8 Shocking Examples of Racism in the Workplace

Two business people gossiping about their coworker

Unfortunately, in 2019, racism in the workplace is still a very real thing. Whether it is hiring managers or promotion boards subconsciously overlooking black, Asian and minority ethnic (BAME) candidates, or the occurrence of overt instances of discrimination and harassment on the office floor, it’s undeniable that there is still a lot of work to be done on this front.

While nearly all companies have legally binding antidiscrimination policies set up, and governments have issued directives and legislation to try and eradicate this issue, it’s still worth taking the time to highlight the cases where things have gone – or are going – terribly wrong.

With that in mind, here are eight examples of workplace racism around the world.

1. Ron Law (Austal)

A 43-year-old shipyard worker, Ron Law was one of 18 victims of a prolonged and sinister discrimination campaign at the Austal shipbuilding yard in Mobile, Alabama. As well as individual threats, Law and other African American workers experienced racial slurs, Ku Klux Klan references and – most chillingly of all – eight nooses hanging from the ceiling of the company’s break room.

Despite registering claims of discrimination with the US Equal Employment Opportunity Commission (EEOC) as far back as 2006, Law’s claims were never seriously investigated, and the case went nowhere – a seemingly alarming trend at the body, according to former EEOC attorneys.

Meanwhile, Austal – who build ships for the US Navy – have never undertaken any form of review or responsibility for the allegations.

2. Marcus Boyd (General Motors)

Law’s story shares a similar theme to Marcus Boyd’s, a shift supervisor at GM’s Toledo Powertrain plant in Ohio. After 14 months of enduring racist slurs and threats, he too was confronted with nooses on the shop floor.

Despite reporting several of the incidents to senior management, Boyd claims that the workers in question received minimal or even no punishment, with his local union official even suggesting that Boyd ‘let the matter go’. General Motors, meanwhile, claims that the issues were dealt with satisfactorily, while Boyd’s local union president, Dennis Earl – a 34-year-veteran of the plant – asserted in an interview with CNN that people are ‘a little too sensitive’ these days.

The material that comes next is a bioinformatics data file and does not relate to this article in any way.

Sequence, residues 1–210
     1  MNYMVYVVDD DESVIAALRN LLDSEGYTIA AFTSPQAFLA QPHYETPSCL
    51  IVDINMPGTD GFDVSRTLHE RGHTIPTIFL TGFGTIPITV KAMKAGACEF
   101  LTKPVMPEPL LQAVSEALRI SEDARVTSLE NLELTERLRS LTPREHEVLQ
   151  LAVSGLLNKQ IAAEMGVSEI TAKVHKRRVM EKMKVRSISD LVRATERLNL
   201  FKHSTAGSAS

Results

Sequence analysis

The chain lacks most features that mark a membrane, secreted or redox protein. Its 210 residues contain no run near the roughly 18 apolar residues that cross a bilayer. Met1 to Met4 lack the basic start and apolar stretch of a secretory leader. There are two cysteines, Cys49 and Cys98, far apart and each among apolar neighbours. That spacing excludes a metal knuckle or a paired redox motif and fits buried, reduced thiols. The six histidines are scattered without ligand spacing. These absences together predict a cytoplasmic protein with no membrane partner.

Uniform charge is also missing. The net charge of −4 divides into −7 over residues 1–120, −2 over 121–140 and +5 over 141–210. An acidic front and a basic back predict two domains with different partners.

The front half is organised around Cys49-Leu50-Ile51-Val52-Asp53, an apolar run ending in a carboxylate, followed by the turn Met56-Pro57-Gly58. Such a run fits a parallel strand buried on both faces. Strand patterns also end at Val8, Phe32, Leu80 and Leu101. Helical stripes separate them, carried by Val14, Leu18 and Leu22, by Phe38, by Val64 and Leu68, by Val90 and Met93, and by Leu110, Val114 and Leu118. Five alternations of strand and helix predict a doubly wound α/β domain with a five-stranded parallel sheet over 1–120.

Finally, following complaints from other workers, a nine-month investigation was conducted by the Ohio Civil Rights Commission (in which one of Earl’s union predecessors allegedly claimed that there ‘was never a black person lynched that didn’t deserve it’), drawing the conclusion that GM did not act sufficiently. The body is now helping to bring legal action against GM, although it’s too late for Boyd and his career; increasingly fearing for his safety, he left the company in 2018.

3. McDuff Tupetagi (Rainbow Beach Adventure Company)

Originally of Maori descent, tourism worker McDuff Tupetagi was the victim of a racially motivated incident in 2017, when, upon asking his employers at Rainbow Beach Adventure Company for sun protection cream due to the outdoors nature of his role, he was instead presented with a canister bearing the words ‘black guy repellent’.

Tupetagi, in a subsequent discrimination claim to the Queensland Industrial Relations Commission, also claimed that he was frequently subjected to derogatory remarks and constantly referred to as ‘[that] black fella’ during his employment with the tour operator.

Tupetagi has since left Rainbow Beach Adventure Company, with his lawyer claiming for compensation for ‘extensive psychiatric intervention’, while the company – although condemning the actions of its employees – insist that the perpetrator of the act, Joel Mahon, was a close friend of Tupetagi and that the canister incident was intended as a practical joke.

4. Elijah Turley (ArcelorMittal)

In 2012, Elijah Turley, an African American processor operator at ArcelorMittal’s Buffalo steel plant, was awarded $25 million in damages (an amount the company later branded ‘absurd’) after a recurring series of alleged hate incidents between 2005 and 2008.